Magazine

How Much Money Should I Keep in Cash?

By Ellevest Team

We’re living through some bumpy economic times right now. On the one hand, inflation is — and has been — much higher than we’ve gotten used to. On the other hand, the investing markets are a-swinging. Even when the economy is relatively calm, it’s good to be sure you’re not keeping too much (or too little) money in cash, but now, it’s even more urgent.

An illustration of two stacks of cash and three piles of coins.

What does it mean to keep money “in cash”?

In the world of personal finance, “cash” doesn’t usually mean literally cash, like the kind you can physically hold in your hand (or hide under your mattress, stash in the cookie jar, etc). Instead, it tends to just mean that the money lives in your checking or savings account

The point of keeping your money in cash is stability and liquidity. So the bank accounts you choose should be NCUA- or FDIC-insured (most are, but with the rise of digital banks, it’s worth making 100% sure) and allow you to withdraw or transfer your money out quickly and easily. 

Why does it matter how much you keep in cash?

You should keep some money in cash, because it gives you financial stability. If you have too little, you could find yourself in a really hard place if you lose your job, or if a financial emergency pops up. But there are some good reasons not to keep too much in cash, too.

Inflation (aka rising prices over time) reduces your purchasing power — in other words, it decreases the value of any money you hold in cash. (That $10 bill could have bought you a whole sandwich in 2019, but in 2022, the sandwich costs $12.50, so the same $10 bill only buys you 80% of the sandwich.) Even if inflation were at the government’s “target” rate of 2%, the interest you’d earn on your savings account just wouldn’t be able to keep up. And now, with inflation above 8%? No chance. 

Plus, when you invest for the long term instead of saving your money in cash, you have the opportunity to earn higher returns. In fact, the stock market has returned an annual average of 10% since 1928way higher than any savings account interest rate, even the “high-yield” ones. And that makes a big difference: The gender investing gap (men tend to invest 40% of their money, whereas women tend to invest just 29%) is one of the leading causes of the gender wealth gap.

Of course, investing always comes with risk. Especially when markets are volatile, it can be tempting to pull money out of your investment portfolio and wait for things to “calm down.” But that comes with its own risk — nobody knows what will happen tomorrow, and if you stop investing, you could really miss out if the markets go back up.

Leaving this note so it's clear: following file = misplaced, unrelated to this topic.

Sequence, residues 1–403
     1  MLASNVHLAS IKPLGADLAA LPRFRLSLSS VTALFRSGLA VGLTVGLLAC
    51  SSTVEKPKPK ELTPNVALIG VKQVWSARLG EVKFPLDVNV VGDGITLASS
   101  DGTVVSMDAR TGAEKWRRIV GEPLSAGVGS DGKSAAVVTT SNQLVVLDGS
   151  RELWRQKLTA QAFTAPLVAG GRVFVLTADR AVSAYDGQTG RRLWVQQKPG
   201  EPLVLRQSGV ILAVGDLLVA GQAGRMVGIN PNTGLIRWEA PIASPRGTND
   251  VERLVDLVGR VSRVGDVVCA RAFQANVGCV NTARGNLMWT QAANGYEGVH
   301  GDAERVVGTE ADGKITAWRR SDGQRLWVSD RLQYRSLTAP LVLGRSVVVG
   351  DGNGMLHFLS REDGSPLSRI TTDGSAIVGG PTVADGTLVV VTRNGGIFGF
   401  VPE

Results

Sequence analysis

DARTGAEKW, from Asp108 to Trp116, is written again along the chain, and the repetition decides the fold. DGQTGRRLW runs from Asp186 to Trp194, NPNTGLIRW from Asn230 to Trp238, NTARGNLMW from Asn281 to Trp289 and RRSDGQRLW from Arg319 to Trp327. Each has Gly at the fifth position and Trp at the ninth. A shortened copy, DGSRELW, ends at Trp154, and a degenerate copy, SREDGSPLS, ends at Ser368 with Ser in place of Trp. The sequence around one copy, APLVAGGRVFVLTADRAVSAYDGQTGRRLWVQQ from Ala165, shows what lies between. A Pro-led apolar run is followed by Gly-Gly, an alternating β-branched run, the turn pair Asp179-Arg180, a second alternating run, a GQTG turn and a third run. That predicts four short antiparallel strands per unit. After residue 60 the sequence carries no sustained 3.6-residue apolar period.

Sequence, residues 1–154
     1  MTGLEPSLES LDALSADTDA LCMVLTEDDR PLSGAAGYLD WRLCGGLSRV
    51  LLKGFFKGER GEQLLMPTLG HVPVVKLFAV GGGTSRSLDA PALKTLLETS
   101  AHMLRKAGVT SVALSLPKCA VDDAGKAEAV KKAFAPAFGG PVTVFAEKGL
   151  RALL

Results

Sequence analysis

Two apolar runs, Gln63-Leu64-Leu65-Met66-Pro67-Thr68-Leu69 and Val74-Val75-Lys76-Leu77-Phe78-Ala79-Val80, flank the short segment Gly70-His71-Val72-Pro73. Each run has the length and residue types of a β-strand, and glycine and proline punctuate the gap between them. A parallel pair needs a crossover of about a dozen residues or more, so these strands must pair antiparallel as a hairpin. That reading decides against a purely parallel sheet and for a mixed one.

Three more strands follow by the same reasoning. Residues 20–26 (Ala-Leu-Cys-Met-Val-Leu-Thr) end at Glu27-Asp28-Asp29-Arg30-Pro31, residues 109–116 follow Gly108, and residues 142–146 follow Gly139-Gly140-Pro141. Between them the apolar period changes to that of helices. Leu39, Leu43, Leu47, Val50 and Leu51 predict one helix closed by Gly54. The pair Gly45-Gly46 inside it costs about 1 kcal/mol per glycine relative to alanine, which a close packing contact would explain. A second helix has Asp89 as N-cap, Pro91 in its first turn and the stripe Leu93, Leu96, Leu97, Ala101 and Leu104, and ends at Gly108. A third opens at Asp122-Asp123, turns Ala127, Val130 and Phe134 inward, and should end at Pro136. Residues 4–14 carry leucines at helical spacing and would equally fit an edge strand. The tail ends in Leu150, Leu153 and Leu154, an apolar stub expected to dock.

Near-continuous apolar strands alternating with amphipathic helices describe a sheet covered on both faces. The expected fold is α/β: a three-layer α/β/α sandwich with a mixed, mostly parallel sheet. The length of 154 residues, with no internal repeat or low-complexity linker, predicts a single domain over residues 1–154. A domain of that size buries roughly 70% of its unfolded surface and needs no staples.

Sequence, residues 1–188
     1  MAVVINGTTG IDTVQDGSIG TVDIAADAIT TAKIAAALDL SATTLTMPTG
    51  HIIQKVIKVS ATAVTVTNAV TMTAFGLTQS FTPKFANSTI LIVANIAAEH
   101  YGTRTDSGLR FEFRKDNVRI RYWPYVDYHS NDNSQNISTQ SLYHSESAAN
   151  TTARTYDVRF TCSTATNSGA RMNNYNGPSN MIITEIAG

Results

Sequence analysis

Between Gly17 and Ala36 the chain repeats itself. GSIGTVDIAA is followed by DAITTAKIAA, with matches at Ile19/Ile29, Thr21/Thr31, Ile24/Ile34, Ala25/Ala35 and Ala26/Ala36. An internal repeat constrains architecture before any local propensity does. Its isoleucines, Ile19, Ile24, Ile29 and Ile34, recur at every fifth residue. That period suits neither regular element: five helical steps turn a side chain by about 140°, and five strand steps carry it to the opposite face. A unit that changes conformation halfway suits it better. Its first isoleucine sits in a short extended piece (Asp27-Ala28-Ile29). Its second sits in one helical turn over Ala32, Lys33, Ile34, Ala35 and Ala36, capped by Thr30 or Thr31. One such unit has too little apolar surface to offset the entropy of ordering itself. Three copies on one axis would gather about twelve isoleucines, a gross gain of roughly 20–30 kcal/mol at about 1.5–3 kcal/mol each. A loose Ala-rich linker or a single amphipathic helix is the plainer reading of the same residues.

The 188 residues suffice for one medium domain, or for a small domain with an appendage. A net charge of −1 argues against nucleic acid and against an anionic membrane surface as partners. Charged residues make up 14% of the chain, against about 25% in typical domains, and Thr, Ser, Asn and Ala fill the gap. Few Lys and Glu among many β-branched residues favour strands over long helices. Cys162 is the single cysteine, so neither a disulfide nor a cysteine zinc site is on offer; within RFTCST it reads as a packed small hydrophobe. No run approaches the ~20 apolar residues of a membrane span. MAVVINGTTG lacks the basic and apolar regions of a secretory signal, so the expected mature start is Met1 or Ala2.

So how much should you keep in cash?

The exact amount will be different for everyone, but it’s the sum of three things:

  1. The money you use to pay your bills. This one’s fairly straightforward — money for everyday living expenses should stay in the bank.

  2. Your emergency fund. Seriously. Keep it in cash. The exact amount you need will depend on your financial situation, but we typically recommend aiming for three to six months’ worth of take-home pay (or up to nine months’, if you’re self-employed).

  3. Any money you’ll need within the next two years. Save for short-term goals (vacation funds, money for next year’s car insurance, etc) in cash, too. If the markets keep going down, one or two years may not be enough time for it to hopefully go back up. Investing is a long-term game, so it’s generally better for timelines longer than two years.

    That said, if you’re approaching the last year or two of your long-term investing goal — say, you’ve been investing to put a down payment on a house and want to do it next summer — it’s not so black and white, especially if you’re not sure you’re going to use it that soon. Whether you decide to withdraw it as cash or leave it invested (ideally in a portfolio that gets more conservative as you approach that date, like we do for you at Ellevest) is up to you and your tolerance for risk. Pulling your money out generally triggers taxes, so there’s that to think about, too.

When the economic landscape feels uncertain (like right now), it’s OK to pad these numbers just a little — keep a little extra wiggle room in your checking account, beef up your emergency fund a bit. But the advice is the same, at its core. 

So channel your inner cash-keeping Goldilocks — not too hot (much), not too cold (little), but juuuust right. And feel good about the fact that you’re doing right by Future You.


Disclosures

© 2022 Ellevest, Inc. All Rights Reserved.

Information was obtained from third-party sources, which we believe to be reliable but not guaranteed for accuracy or completeness.

The information provided does not take into account the specific objectives, financial situation, or particular needs of any specific person.

The information provided should not be relied upon as investment advice or recommendations, does not constitute a solicitation to buy or sell securities and should not be considered specific legal, investment or tax advice. Investing entails risk, including the possible loss of principal, and there is no assurance that the investment will provide positive performance over any period of time.

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Ellevest Team

The Ellevest team is working to help women reach their financial and professional goals.